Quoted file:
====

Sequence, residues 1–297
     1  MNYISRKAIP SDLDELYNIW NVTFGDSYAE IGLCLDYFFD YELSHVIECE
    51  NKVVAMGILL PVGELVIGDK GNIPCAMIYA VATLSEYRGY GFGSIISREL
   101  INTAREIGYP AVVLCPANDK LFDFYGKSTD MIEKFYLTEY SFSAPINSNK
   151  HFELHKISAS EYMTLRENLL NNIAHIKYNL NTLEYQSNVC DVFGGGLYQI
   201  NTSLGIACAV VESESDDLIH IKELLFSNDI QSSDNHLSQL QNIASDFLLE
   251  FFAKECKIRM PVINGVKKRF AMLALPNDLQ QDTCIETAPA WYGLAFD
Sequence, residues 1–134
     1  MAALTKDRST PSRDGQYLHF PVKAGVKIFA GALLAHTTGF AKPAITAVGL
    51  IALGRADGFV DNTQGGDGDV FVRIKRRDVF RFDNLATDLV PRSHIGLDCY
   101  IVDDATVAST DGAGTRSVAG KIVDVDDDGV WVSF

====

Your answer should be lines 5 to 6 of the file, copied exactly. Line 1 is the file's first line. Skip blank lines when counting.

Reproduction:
   151  HFELHKISAS EYMTLRENLL NNIAHIKYNL NTLEYQSNVC DVFGGGLYQI
   201  NTSLGIACAV VESESDDLIH IKELLFSNDI QSSDNHLSQL QNIASDFLLE